Photo Credit For All Images: @hold_onto_your_hooves
To keep your pig healthy and free of pain, you’re going to have to trim their hoofs around twice a year. Long hoofs may cause your pig to walk abnormally or, if they are too long, not even walk at all because of how much it hurts them to do so. Not only do long hoofs cause pain to your mini pig, but they are also not very pleasing to look at.
You can trim your pig’s hoofs yourself, but I would recommend you get a mini pig farrier or your veterinarian to do it for you. It is not a very easy thing to do, so someone with experience will be a much better option. You also don’t want to accidentally cut too short, which will cause your mini pig pain and bleeding.
I would recommend you to try and find a Ferrier in your area because they do not use sedation methods as many veterinarians will to calm your pig down. This is generally not very safe because they really don’t know how your pig will react to the drug. Sometimes it may really harm or even kill them in rare cases.
If you want to trim their hooves yourself, continue reading or Click here to scroll down to that subheading.
How to know if your mini pig’s hoofs are too long
The easiest way to tell if the hoofs on your mini pig are too long is if they start to curl inwards. Hoofs like that will cause pain and discomfort for your mini pig. The image below is an example of a hoof that needs to be trimmed.
In contrast, a pig with trimmed hoofs should look like the image below.
This isn’t the only indicator though. If you start to notice that your mini pig seems to be walking uncomfortably, it’s probably time to get their hoofs trimmed, even if their hoofs don’t appear to be too long. Sometimes it may just be their dewclaws that are outgrown (which are harder to notice).
The dewclaws are the smallest part of a mini pig hoof, as you can see in the image below. These claws can cause discomfort and pain in mini pigs when overgrown, so it’s important to trim them when they get to long.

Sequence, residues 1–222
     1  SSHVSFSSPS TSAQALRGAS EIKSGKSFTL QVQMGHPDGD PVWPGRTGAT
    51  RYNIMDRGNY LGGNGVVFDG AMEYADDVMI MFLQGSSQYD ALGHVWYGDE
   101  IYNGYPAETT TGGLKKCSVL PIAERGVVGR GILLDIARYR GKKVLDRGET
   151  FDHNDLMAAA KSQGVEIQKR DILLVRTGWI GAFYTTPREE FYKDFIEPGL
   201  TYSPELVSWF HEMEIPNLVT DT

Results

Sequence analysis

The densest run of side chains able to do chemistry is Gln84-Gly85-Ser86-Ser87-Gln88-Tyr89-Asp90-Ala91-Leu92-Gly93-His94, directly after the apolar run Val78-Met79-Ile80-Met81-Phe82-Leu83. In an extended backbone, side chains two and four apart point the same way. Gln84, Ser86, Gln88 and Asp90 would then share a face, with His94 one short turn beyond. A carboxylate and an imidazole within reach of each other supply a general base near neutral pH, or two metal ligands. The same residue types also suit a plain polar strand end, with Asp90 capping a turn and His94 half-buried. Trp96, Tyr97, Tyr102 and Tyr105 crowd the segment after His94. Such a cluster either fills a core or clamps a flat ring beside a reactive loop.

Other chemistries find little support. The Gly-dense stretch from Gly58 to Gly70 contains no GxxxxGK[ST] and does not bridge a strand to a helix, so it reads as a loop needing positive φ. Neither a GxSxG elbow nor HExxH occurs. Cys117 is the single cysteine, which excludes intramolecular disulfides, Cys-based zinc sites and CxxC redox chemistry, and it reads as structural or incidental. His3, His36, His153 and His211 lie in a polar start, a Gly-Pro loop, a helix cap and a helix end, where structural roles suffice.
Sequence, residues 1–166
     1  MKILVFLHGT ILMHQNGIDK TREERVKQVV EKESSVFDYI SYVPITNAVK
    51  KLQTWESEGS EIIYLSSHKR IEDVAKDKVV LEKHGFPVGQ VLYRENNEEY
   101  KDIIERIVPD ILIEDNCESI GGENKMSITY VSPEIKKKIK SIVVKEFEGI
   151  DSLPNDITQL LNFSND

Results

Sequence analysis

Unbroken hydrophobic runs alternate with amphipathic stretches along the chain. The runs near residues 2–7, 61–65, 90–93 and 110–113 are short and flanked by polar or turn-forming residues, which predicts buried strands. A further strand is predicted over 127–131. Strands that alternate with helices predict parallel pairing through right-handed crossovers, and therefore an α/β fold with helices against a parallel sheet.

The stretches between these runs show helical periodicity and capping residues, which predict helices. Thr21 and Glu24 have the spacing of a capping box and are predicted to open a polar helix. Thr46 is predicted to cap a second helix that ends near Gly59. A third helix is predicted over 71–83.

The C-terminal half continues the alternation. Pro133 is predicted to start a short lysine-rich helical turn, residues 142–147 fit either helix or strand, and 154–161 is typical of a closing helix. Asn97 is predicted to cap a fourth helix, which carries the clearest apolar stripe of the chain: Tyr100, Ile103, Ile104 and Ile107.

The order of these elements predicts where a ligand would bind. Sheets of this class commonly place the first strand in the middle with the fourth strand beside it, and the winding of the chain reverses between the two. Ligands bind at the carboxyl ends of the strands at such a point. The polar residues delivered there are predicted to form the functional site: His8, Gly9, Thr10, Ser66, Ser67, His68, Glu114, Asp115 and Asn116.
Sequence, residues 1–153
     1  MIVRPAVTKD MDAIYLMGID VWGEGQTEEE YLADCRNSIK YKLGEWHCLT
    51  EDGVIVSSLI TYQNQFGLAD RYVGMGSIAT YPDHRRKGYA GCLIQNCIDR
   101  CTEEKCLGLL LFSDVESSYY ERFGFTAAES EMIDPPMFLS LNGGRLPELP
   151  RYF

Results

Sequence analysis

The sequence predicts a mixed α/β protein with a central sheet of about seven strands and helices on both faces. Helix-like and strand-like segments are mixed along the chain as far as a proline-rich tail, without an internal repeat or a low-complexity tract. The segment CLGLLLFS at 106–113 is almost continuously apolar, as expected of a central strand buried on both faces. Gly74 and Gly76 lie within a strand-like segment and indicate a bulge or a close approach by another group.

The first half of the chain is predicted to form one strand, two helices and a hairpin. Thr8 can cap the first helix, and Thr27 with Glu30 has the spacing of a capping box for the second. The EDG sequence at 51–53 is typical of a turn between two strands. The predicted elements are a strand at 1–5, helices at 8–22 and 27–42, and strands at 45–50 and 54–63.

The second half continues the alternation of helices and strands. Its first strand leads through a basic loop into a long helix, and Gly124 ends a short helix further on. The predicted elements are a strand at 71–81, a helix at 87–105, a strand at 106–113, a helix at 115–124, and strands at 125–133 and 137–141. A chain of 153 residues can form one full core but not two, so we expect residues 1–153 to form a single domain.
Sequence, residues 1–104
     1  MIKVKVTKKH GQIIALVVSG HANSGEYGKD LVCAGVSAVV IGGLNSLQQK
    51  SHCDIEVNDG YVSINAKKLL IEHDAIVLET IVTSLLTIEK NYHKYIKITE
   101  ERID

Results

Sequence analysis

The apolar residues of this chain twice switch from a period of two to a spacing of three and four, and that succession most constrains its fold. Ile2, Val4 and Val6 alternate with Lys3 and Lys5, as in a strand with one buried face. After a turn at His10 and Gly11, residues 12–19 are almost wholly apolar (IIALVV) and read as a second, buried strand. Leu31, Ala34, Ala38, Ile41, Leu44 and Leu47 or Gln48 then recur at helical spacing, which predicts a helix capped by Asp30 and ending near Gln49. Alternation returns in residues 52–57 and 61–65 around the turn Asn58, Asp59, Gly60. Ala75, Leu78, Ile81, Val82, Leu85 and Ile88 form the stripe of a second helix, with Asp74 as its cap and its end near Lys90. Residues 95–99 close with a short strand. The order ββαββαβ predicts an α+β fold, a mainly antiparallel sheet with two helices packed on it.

How often should you trim your pig’s hoofs?
About every 4 to 6 months you should get your mini pig’s hoofs trimmed. Some may grow faster but in general, you shouldn’t wait much longer than 6 months to trim them. Make sure to add hoof trimming into your yearly routine.
Pigs who are very active will probably not need their hoofs to be trimmed as often because they are naturally filed by surfaces they may play on such as concrete. This is the opposite for pigs who aren’t active or are only indoor pigs. Also, some pigs may have deformed hoofs that need correction work done to them. These pigs will probably have to see a farrier or vet quite often.
Deformed hoofs are not common, but they can cause many problems for mini pigs. Beau is an 8-month-old mini pig and unfortunately has a hoof that is very deformed. It is growing upward and is creating a hook that is snagging onto things as he is walking. 8 months is somewhat young for a trim, but Beau needed one before he ended up hurting himself. Check out Beau’s deformed hoof in the image below.
I would recommend that you condition your pig’s hoofs by using products such as Hoof-Alive or simple oils such as coconut oil, almond oil, and safflower oil. Check out Hoof-Alive on Amazon by clicking here. Apply these products to your mini pig’s hoofs once a week to promote better hoof growth.
What is a mini pig hoof farrier and why are they better than the vet?